by Gerhard Horn
The Mini Cooper Clubman fills the gap between the Mini Hardtop and the Mini Countryman. It's aimed at buyers who want the added passenger and cargo space, but without having to buy an SUV. The Clubman competes with a variety of similar models, depending on how much you want to spend and how many options you add to it. Base models compete with the Subaru Impreza in size, while top-end models with a few optional extras elevate the Mini into Volvo V60 pricing territory. While it is aimed at customers in search of more room, it's worth keeping in mind that it is still a Mini, which means it's nowhere near as practical as its main rivals.
It's powered by a turbocharged four-cylinder, packing a 189 horsepower and 207 lb-ft of torque punch. Front-wheel drive is standard, but Mini's ALL4 four-wheel drivetrain adds an additional advantage above some of its competitors. Starting prices are on the high side, and the four-pot can be thirsty when pushing on.
Last year, the Signature trim received a 6.5-inch touchscreen infotainment system, leaving only the base Classic trim without a touchscreen. This year, all Mini models finally get a proper 8.8-inch touchscreen. Signature trim now comes standard with in-dash navigation, including real-time traffic updates. Standard features added across the board for the 2022 model year include lane-departure warning and SiriusXM with a year's free subscription. Some new paint colors have been added to this year's palette and the interior colors have been tweaked too.
Given the premium feel of the car and the somewhat generous specs, $29,900 for the base Classic sub-trim isn't a bad starting point for the new Mini Cooper Clubman. The mid-range Signature retails for $34,500, while the top Iconic trim model retails for $39,400. The ALL4 range kicks off at $32,900 for the Classic, $36,500 for the Signature, and $41,400 for the Iconic trim. Optional extras include the $2,000 Premium Package, which includes power-folding exterior mirrors, auto-dimming rearview mirror, a 40/20/40-split rear seat, a universal garage-door opener, and 8-way electric front seats with memory function. This option is only available on the Signature trim, and comes as standard on the Iconic. Mini charges an additional $850 for destination and handling over and above the price of the Mini Cooper Clubman trims.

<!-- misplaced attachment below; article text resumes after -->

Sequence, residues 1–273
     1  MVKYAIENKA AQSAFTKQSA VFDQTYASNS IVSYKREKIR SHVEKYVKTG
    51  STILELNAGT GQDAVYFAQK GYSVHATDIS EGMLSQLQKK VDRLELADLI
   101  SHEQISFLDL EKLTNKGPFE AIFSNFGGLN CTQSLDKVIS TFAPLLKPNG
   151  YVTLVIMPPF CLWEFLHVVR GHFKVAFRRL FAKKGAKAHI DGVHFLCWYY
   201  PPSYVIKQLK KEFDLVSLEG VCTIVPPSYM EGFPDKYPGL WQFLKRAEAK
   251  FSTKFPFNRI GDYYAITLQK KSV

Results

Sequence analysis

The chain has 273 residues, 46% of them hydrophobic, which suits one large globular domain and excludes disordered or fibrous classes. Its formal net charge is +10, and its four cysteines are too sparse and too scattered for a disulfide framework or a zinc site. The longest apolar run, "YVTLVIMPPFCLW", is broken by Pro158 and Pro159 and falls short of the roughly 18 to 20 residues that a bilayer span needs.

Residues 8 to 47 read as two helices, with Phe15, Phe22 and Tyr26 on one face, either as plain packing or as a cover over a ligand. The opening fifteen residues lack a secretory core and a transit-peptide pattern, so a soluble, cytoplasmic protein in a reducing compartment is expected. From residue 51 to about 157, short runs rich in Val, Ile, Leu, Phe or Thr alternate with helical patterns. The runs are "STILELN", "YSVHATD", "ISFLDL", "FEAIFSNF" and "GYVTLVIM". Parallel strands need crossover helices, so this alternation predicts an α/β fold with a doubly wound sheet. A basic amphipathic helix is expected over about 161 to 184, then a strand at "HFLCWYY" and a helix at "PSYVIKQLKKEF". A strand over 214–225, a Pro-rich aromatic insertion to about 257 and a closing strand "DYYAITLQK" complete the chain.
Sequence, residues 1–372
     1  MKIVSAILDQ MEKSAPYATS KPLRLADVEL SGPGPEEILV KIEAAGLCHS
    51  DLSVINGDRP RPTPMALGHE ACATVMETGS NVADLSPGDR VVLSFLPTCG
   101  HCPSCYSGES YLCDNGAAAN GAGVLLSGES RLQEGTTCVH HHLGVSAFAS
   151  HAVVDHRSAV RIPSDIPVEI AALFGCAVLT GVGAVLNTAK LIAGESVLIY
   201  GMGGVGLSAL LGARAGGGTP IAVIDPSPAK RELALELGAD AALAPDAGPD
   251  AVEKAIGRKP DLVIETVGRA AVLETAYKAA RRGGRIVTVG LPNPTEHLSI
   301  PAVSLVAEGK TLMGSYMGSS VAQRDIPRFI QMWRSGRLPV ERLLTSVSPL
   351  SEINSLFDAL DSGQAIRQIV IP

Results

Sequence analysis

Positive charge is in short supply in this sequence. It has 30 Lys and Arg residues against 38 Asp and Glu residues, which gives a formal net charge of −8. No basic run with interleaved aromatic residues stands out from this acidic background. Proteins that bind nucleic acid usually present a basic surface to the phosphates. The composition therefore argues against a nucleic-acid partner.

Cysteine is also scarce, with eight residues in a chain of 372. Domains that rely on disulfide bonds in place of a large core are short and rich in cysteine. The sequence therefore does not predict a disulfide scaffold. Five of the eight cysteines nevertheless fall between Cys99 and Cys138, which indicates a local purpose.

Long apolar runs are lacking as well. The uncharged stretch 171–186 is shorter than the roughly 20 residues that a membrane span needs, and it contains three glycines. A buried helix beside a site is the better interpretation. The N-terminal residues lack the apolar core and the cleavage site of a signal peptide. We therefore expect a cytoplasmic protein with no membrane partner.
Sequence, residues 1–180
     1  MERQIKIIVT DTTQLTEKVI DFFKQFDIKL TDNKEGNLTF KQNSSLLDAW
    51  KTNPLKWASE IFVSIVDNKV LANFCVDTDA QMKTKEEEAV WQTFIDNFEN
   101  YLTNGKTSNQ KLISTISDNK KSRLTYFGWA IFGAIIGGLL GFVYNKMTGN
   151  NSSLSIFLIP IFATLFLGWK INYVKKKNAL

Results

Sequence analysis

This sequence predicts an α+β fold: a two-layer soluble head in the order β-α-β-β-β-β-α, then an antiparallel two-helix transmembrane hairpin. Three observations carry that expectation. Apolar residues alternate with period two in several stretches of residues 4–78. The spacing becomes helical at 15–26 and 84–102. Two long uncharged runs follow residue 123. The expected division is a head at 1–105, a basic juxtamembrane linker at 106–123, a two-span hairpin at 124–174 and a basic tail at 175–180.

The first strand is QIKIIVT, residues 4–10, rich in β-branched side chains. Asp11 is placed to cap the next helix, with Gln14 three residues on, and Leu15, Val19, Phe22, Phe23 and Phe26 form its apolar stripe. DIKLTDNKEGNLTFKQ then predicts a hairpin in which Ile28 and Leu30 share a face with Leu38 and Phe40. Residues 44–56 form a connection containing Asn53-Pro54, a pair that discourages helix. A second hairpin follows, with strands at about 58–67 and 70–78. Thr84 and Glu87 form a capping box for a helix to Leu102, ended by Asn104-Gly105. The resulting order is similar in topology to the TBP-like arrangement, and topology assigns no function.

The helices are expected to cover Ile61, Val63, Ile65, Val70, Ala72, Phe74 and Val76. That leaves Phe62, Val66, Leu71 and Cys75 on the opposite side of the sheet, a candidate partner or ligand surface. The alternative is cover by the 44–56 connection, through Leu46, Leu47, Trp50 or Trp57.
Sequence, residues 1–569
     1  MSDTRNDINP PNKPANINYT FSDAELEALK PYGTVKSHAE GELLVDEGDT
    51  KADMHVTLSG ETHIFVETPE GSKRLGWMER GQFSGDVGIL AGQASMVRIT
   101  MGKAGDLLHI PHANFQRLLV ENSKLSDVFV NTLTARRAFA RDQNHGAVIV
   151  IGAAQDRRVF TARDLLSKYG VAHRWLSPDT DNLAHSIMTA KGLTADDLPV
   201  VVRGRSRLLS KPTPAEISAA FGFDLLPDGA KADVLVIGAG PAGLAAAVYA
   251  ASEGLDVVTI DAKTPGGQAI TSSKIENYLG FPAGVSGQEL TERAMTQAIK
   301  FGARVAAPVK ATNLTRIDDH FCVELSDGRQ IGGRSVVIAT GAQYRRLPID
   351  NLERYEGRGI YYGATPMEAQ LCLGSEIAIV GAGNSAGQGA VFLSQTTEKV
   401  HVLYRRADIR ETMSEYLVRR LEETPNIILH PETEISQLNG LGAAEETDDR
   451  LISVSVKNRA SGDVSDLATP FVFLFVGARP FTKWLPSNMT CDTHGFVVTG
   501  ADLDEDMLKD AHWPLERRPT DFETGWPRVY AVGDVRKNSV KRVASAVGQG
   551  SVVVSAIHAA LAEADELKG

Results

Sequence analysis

See trim levels and configurations:
More than anything, a new Mini is always judged by the driving experience it offers. It's as much a part of the Mini DNA as the round headlights.
The Clubman offers a fun driving experience. Granted, it's not as much fun as its smaller siblings, but it still has enough power to overcome the added weight. In a straight line race to 60 mph, there's around half a second between the Clubman and the two-door hardtop.
Most of its rivals are geared towards comfort rather than fun, and you can tell from the moment you start driving it. It's quick off the line, and the steering is responsive. Unfortunately, there is a downside to all this fun. The Clubman's suspension is quite firm, which has a negative effect on ride quality. This problem is remedied higher up in the range. Both Signature and Iconic models are equipped with Dynamic Damper Control, which allows the driver to choose between a comfortable damper setting for day-to-day use, or a firmer setup for when the mood for enthusiastic driving strikes.
The six-speed manual adds another dimension to the driving experience. Rather than letting the car decide when to change gear, or toggling the flaps behind the steering wheel, the driver gets to engage with three pedals and a traditional shifter. It might be slower than the two self-shifting options, but a manual gearbox fits in perfectly with the Mini ethos of fun above all else.
NHTSA safety ratings are not available at this time.
There's a lot to like in this review, but you really have to be a Mini fan to write out a cheque for the Clubman. There are cars that are equally good, if not better to drive, more practical, and better priced than the Clubman.